Mmegi Online :: Teacher fired for criticising Khama loses at CoA
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Last Updated
Wednesday 24 May 2017, 14:42 pm.
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Teacher fired for criticising Khama loses at CoA

Goitsemodimo Dintwe, the secondary school teacher fired in 2012 after a poison pen critique of President Ian Khama’s leadership, lost his challenge at the Court of Appeal (CoA) yesterday. The Court ruled, among others, that Freedom of Expression was not absolute.
By Goitsemodimo Kaelo Thu 20 Apr 2017, 18:04 pm (GMT +2)
Mmegi Online :: Teacher fired for criticising Khama loses at CoA








Dintwe was dismissed from the civil service following an opinion article published by Mmegi, which criticised Khama’s administration after the 2011 ‘Mother of All Strikes’.

In the opinion piece, Dintwe said Khama’s “deficient” administration had “numerous issues” and stated that “the country is going down to the doldrums (sic) and all fingers point to His Excellency the President”.

Following his dismissal, Dintwe launched a challenge at the High Court arguing that his constitutional right to Freedom of Expression had been violated, a case which he subsequently lost. The former teacher then took his challenge to the CoA.

Delivering judgement yesterday, CoA judge Monametsi Gaongalelwe dismissed Dintwe’s case, noting that the Freedom of Expression as guaranteed in the constitution, was not absolute but subject to limitations.

He said the limitations were reasonable in a democratic society in that teachers by virtue of their profession and duties have to be apolitical. “Freedom of Expression as guaranteed in the Constitution, like all other rights, is not absolute. It is subject to limitations.

“In fact, the section itself stipulates limitations and it is pertinent to note that Subsection 2 expressly authorises Parliament to make laws taking away such a right in respect of ‘public officers… or teachers’,” Gaongalelwe said.

He said it was reasonable to demand that teachers be apolitical to avoid a situation where a person in that position influences or sways the minds of children one way or another in the sphere of party politics.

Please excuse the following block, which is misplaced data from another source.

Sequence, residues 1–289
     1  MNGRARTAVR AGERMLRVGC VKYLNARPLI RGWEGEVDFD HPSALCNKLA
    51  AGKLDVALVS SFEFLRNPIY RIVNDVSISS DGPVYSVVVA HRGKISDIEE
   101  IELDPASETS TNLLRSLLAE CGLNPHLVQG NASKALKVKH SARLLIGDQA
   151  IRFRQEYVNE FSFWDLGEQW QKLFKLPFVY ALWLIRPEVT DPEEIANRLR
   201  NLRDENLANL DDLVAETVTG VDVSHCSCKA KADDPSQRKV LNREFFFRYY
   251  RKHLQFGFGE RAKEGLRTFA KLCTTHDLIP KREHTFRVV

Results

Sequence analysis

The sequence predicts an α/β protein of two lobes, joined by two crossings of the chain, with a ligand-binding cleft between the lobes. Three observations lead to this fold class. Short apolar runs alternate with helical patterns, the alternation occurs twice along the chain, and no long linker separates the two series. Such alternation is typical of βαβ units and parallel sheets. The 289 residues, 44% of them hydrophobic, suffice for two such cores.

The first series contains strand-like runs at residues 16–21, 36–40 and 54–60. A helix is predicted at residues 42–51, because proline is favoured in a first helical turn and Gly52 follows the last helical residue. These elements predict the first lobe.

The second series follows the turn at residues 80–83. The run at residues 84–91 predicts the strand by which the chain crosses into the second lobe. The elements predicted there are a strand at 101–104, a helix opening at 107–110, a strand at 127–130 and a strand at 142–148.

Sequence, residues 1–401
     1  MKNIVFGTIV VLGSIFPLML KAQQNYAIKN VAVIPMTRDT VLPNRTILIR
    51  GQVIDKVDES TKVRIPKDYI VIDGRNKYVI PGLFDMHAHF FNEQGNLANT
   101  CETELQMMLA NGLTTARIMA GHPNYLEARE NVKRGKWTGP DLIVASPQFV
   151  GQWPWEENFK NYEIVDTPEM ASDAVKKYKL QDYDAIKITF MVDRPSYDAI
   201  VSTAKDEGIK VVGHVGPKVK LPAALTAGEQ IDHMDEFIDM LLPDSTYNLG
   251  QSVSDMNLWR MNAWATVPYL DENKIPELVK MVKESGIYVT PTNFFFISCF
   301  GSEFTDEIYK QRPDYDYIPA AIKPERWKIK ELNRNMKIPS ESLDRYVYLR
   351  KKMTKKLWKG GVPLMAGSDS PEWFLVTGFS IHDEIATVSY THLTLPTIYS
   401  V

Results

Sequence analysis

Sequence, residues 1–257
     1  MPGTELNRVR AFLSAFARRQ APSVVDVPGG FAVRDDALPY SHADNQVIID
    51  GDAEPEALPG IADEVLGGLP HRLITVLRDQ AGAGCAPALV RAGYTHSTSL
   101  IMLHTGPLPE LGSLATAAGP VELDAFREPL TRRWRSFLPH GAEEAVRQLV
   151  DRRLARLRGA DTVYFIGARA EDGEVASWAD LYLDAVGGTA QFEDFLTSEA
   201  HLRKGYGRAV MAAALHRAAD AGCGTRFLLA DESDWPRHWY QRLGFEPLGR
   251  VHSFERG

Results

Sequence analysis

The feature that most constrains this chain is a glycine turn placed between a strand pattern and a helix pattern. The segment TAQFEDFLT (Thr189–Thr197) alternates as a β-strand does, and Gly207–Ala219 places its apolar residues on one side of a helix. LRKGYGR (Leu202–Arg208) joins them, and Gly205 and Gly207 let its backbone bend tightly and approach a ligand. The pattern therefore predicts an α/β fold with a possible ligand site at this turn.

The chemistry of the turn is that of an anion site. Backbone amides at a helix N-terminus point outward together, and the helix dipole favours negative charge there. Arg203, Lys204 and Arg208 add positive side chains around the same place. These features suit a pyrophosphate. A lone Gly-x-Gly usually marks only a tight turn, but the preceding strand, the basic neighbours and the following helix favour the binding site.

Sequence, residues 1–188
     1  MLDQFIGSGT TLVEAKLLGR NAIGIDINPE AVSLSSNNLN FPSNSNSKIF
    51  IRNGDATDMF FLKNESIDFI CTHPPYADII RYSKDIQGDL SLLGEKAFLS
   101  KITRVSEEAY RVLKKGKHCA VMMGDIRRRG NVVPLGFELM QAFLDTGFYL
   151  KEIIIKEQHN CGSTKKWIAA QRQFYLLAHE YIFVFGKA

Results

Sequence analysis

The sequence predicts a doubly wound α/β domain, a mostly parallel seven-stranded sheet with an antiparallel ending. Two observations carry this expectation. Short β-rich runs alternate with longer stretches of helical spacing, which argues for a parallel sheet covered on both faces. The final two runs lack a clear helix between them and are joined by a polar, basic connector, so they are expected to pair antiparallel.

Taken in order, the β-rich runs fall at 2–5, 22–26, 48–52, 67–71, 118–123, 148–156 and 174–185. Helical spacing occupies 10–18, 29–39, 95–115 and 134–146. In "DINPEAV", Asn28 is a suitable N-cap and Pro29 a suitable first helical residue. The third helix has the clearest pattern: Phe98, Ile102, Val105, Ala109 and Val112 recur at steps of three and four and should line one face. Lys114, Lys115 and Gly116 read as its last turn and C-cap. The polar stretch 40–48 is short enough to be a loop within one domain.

Besides the Freedom of Expression, Dintwe’s appeal had also argued that the disciplinary action was not taken promptly in terms of Section 39(1) of the Public Service Act and that the

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opinion piece in question did not fall within the ambit of Section 3(a) of the same act, which generally bars civil servants from politics.

However, Gaongalelwe said that the article’s aspersion is damaging to the President’s political party more than it is to the President himself.

“The article states that the Central Committee of the BDP is comprised of the President’s cronies. This translates into saying such committee members were not men and women of substance. This may be reasonably regarded as advocating for or against a political party,” he said.

He also dismissed the plea that Dintwe’s rights had been infringed upon by a delayed disciplinary process, saying it was self-evident that the former teacher had delayed the process.

“The process commenced with the letter of July 12, which informed the appellant of the charge and invited him to show cause. He was called upon to reply after 14 days but failed to do so. His failure contributed to the date of hearing being ultimately fixed to November 10 and not before,” he said.

Dintwe’s troubles began after the opinion piece was published on May 11, 2011. The Central Region’s Department of Tertiary Education director, Marcos Maedza came across the newspaper and tasked officers to investigate whether such an author was a teacher in the area.

Having established that indeed Dintwe was a teacher at Radisele Junior Secondary, Maedza on July 12 issued the former teacher with a letter giving him 14 days to show cause why disciplinary proceedings should not be brought against him.

Dintwe only responded on August 2 through his trade union denying he had written the article.

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